“Take this to the ruins and give it to the woman from Nebraska who is the reincarnation of Guadalupe of the Americas.”
“But, I don’t know where she is, or even what she looks like.”
“You’ll know who she is and where she is when you get there.”
“Ok. Is that it? I should get going now or I’m going to miss it!”
“Yes, please hurry and don’t forget to give this to her.”
The time was getting a bit short, but I still had enough time. I just couldn’t dawdle much and had to walk quickly.
The closer I got to the main entrance to the Palenque ruins, the more people there were. It looked as if they’d all arrived today and what a bizarre bunch most of them were! Like some strange multi-cultural, international convention of astro-space aliens from the planet of dreadlocks and tie-dye. So many in fact, that I didn’t think there was any way possible that’d I’d be able to find a person who I didn’t know their name or what they looked like. All I knew was that it was a she and that she was from Nebraska.
Just after I passed the largest Temple of Inscriptions pyramid on my right with the observation tower complex on my left, I had sort of a “knowing” or intuition that the woman I was looking for was on the top floor of the stone ruins tower.
At the entrance of the tower there were two men in suits. I couldn’t make out where they were from, but they they spoke English with a foreign accent. I nodded to them as I passed into the entrance, when they held out their arms to block me.
“Excuse us Sir, but no one is allowed to pass into the tower right now.”
“Why not? I’ve been here a week and have been up there several times. Why can’t I go up today?”
“Very sorry, but you can go anywhere else you like on the grounds, just not up to the top of the tower.”
“Oh, ok. It’s not that I have a burning desire to go up there, but there’s this local cafe owner named Hilda who gave me this bag of stuff and told me to take it to the woman from Nebraska who’s supposed to be the reincarnation of Guadalupe.”
The two men looked at each surprised.
“Ok then. You may enter.”
Whoa, that was weird. How did they know? I didn’t ask anymore questions and started up the narrow stone stairway to the top level of the tower.
At the top level, the walls are open on all four sides with the roof supported by 4 stone columns. There were 7 people sitting in a circle chanting with a light-haired woman presiding. She looked to be in her early 40’s and looked… well… like she might be from Nebraska. All of their eyes were closed. I didn’t recognize the others except for the man with the turban I’d given directions to a few days prior. The woman from Nebraska opened her eyes, looked at me and smiled as she nodded. It felt a little bit awkward, like I was interrupting something. So, I took the bag Hilda had given me and set it down in front of the woman from Nebraska. She closed her eyes again and joined back in with the chanting. The language they were chanting in wasn’t familiar to me.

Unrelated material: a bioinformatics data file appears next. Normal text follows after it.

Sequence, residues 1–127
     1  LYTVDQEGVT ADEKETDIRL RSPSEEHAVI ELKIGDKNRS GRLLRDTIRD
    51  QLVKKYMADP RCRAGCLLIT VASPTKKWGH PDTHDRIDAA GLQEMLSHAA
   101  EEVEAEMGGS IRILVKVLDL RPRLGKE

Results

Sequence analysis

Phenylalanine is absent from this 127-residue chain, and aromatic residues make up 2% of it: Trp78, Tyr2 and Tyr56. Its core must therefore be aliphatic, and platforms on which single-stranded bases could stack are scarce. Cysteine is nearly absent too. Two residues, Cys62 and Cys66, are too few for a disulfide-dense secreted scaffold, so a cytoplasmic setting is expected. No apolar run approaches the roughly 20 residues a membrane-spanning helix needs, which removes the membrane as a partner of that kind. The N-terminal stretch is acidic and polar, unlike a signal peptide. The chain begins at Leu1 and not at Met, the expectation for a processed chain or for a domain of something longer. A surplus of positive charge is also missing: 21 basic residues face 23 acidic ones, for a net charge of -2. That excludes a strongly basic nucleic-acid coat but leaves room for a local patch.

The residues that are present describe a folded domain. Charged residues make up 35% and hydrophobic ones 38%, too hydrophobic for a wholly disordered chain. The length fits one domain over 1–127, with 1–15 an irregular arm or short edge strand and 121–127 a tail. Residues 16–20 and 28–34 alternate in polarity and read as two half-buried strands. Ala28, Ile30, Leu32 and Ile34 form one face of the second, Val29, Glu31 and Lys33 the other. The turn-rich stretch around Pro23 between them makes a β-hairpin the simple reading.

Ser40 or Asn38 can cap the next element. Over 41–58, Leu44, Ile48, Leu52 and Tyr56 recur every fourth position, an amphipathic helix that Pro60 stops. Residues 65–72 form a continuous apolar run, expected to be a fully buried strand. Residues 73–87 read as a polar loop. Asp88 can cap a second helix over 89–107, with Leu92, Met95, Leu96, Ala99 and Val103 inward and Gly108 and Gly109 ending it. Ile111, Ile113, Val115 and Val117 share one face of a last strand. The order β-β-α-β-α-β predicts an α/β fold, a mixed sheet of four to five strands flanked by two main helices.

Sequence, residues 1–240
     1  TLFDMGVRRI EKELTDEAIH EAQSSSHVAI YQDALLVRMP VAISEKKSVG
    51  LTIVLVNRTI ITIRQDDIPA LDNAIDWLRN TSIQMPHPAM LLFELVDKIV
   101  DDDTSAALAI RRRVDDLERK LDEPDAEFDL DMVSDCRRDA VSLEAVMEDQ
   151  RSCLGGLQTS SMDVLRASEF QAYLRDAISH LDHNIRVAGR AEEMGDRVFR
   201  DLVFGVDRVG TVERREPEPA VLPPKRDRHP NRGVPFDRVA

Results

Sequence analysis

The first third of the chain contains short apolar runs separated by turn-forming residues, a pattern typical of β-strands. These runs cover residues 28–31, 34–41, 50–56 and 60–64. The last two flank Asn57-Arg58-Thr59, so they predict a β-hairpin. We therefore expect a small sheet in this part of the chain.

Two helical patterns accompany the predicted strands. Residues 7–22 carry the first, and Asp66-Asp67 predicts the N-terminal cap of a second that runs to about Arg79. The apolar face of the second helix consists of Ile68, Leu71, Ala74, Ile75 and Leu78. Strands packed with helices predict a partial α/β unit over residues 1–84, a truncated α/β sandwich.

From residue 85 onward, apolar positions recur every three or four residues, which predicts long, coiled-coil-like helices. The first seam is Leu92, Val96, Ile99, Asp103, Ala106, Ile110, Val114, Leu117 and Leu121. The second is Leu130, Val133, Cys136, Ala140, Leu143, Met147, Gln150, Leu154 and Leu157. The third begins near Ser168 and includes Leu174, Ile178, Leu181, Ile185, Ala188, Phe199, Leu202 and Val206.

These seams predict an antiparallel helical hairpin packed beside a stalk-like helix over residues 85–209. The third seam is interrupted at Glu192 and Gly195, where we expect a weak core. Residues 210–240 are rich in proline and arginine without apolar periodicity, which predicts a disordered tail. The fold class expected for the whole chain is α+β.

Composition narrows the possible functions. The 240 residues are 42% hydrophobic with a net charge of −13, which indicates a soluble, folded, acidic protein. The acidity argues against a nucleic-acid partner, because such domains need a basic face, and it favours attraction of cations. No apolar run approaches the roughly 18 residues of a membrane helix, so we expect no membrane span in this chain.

For a short while I stood in the corner and watched, then quietly backed out, down the stairway, and continued out to the grounds to wander around the ruins site. It seemed that most of the people at site were of the strange variety I mentioned before. Mostly of the bohemian sort and they were all performing various rituals that involved dancing, singing, chanting, and there was a bit of primal wailing as well.
I didn’t have any eye protection, so instead of trying to view the eclipse directly I focussed my attention on all of the bizarre spiritual circus taking place all around me.
At Palenque, the eclipse wasn’t total, but it darkened to about twilight. The entire surrounding jungle erupted into a cacophony of buzzing night sounds with howler monkey drones. Most of the singing, drumming, and wailing raised a couple octaves in pitch as it blended into the jungly symphony. Time felt like it stopped, or at least the perception of time did.
After what must have only been a few minutes, the light brightened as the sun shone full again. There were gasps and some singing, but the tone was more subdued. The jungle sounds went back to a normal daytime nature, and there was a palpable spirit of peace in the air.
I wondered around the ruins for awhile, and down the trail toward the Queen’s bath to cool off. Wasn’t quite sure how to feel about what had just transpired, but I knew I wanted to hang onto the feeling as long as possible.
Some time later, I meandered down the jungle trail and back toward Hilda’s cafe. When I arrived, it appeared empty. I heard some voices behind the cafe. It was the hippy couple from Montana… of our little group. They acted like they were somehow still enchanted. I felt that way too. A lingering feeling. They asked me where I was for the eclipse.
“I went to the ruins. Lots of people there. Very odd for the most part, but cool. You?”